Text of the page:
A number of people who have bought Charlie Weatherburn and the Flying Machine are primary school teachers. They’ve read the story to their students, and I’m delighted that many of them have taken the story to the next level and used it as the basis for an entire lesson. Some of the ideas are fantastic, so I thought I’d collate them (and include a couple of suggestions of my own) as a resource for other teachers.
- Downloadable worksheets
On this very website there are some worksheets available for free download: a crossword, a word-find, a dot-to-dot puzzle, a maze, and some colouring worksheets. The crossword obviously requires a minimum level of literacy, but the others have been used successfully by students from Prep up to Grade 2.
- What does Charlie see while in the sky?
Ask the class to think about what the world below would look like to Charlie, while he is flying high. Have them draw a “bird’s eye view” map of their bedroom, their classroom, or the path that they take to get to school. This task is sure to deliver some interesting maps!
- Draw your own flying machine
After reading the story, encourage kids to draw the flying machine that they would like to build. I love the imagination that some children put into this activity—you’re guaranteed to see some weird and wacky contraptions! A variation on this would be to encourage students to fold paper planes and compete to see who can throw theirs the furthest, but this has the potential to become dangerous, so I wouldn’t recommend it unless you were certain that you could keep things under control!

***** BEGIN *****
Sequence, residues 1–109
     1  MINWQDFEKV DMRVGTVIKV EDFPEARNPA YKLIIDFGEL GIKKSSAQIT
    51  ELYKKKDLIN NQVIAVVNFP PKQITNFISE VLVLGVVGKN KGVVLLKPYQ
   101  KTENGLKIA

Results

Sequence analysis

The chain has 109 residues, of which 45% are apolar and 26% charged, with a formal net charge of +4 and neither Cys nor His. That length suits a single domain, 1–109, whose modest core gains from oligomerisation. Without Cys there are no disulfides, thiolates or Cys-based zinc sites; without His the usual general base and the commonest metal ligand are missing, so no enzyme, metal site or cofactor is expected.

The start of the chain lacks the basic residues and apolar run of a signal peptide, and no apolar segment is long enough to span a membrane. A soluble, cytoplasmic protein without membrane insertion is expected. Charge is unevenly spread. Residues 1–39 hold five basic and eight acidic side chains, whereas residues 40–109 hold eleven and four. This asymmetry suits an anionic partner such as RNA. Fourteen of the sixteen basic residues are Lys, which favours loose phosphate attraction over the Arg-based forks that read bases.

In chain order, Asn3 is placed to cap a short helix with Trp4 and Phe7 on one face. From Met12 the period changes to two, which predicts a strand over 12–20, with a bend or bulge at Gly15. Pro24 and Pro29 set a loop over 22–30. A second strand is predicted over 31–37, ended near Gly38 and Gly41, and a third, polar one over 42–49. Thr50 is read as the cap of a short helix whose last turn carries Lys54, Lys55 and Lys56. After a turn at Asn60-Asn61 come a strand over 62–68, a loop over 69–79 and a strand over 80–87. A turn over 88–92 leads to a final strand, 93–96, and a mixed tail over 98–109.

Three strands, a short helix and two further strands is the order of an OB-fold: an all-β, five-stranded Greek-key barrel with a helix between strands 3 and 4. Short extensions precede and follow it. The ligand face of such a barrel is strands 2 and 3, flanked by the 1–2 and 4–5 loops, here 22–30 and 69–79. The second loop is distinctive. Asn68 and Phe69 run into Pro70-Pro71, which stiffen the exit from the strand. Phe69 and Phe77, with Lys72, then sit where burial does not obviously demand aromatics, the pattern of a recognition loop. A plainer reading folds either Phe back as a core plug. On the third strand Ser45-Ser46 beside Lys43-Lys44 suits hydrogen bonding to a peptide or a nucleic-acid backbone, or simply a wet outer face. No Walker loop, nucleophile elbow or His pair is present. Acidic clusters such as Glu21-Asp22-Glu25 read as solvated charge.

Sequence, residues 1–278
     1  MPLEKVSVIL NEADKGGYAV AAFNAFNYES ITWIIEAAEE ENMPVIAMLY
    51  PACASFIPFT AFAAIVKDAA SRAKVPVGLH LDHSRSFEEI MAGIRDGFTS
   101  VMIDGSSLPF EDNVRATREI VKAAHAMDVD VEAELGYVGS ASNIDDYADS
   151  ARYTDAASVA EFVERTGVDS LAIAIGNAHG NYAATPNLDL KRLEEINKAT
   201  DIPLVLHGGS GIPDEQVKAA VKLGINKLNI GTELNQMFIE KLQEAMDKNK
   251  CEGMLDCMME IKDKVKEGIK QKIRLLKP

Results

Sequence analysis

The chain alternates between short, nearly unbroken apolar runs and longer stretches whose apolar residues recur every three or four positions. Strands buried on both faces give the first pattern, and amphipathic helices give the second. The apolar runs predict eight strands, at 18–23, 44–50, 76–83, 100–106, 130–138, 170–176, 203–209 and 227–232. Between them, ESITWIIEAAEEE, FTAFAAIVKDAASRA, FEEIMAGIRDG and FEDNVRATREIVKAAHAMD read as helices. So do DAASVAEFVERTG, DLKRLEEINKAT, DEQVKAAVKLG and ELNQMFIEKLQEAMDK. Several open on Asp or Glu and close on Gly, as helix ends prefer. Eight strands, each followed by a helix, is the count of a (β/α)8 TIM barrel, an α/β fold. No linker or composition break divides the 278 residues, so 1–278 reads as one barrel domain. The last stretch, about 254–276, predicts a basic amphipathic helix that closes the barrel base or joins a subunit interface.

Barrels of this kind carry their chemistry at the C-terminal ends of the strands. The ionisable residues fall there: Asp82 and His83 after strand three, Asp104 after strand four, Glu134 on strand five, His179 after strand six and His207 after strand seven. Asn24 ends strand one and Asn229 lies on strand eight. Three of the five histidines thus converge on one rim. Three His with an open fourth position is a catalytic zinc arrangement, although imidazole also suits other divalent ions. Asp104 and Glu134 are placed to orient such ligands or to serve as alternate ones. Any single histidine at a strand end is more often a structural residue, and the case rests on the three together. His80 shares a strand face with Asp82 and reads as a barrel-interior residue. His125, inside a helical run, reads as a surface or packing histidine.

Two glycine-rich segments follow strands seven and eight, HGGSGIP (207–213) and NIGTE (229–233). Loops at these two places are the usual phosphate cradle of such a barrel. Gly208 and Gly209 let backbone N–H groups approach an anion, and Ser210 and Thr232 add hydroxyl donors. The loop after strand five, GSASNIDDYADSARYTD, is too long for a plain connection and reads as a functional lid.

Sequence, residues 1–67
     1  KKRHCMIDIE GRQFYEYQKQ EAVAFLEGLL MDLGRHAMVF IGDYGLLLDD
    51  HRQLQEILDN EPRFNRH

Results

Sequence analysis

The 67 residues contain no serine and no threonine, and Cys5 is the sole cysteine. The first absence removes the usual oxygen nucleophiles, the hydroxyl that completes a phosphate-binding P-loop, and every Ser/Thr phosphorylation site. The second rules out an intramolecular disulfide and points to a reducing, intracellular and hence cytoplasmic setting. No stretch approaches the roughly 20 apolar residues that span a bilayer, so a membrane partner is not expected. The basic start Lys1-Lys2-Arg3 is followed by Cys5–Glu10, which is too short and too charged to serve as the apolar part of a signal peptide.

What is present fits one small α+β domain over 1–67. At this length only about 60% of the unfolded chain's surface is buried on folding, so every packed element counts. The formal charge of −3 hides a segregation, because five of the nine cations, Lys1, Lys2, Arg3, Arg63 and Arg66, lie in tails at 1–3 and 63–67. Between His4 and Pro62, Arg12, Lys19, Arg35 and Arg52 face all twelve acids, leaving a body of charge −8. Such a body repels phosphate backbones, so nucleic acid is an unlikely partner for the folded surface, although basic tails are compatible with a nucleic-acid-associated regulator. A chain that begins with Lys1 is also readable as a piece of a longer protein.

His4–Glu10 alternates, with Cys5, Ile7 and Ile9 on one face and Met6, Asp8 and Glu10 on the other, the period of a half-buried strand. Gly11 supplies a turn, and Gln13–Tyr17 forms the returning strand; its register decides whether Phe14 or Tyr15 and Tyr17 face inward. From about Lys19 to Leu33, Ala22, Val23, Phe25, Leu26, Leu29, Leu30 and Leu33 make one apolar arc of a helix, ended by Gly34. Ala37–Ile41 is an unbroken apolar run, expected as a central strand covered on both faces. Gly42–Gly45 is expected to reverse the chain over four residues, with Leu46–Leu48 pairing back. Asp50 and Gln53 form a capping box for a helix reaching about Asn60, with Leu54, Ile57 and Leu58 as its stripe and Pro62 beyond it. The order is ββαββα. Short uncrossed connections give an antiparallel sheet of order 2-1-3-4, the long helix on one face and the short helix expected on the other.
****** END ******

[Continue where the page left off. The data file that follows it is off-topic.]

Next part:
- What would you invent?
Expanding on activity #3, talk about Charlie as an inventor, and ask students to draw pictures of the invention they would create if they were Charlie. I’ve seen everything from elaborate military vehicles to mobile wardrobes and everything in between.
- Write and illustrate your own book
One school that I visited used the fact that I was visiting the school as an opportunity to inspire budding author/illustrators that writing, illustrating and publishing their own book is well within reach. Two students wrote their own masterpiece ahead of my visit and presented it to me as a present: their own version of the Charlie Weatherburn tale, but instead of falling into a rubbish bin, Charlie smacks into a wall. Gold!
- Measuring stuff
Use the page where Charlie is constructing his flying machine to talk about measurement. Talk about what might happen if we built things without measuring them. Assign students the task of measuring a number of items inside or outside the classroom—tables, chairs, sandpit, basketball court.
- Gravity and surface area
Use the page where Charlie falls from the sky to talk about why objects fall. Assign students into groups to build an object to be dropped from a height, with the winning group the one whose object takes the longest to fall to the ground. Discuss why the winning object took longer to fall.
I hope you find these ideas useful. I’d love to hear from you if you decide to use any of these in your classroom. Feel free to add your own ideas in the comments!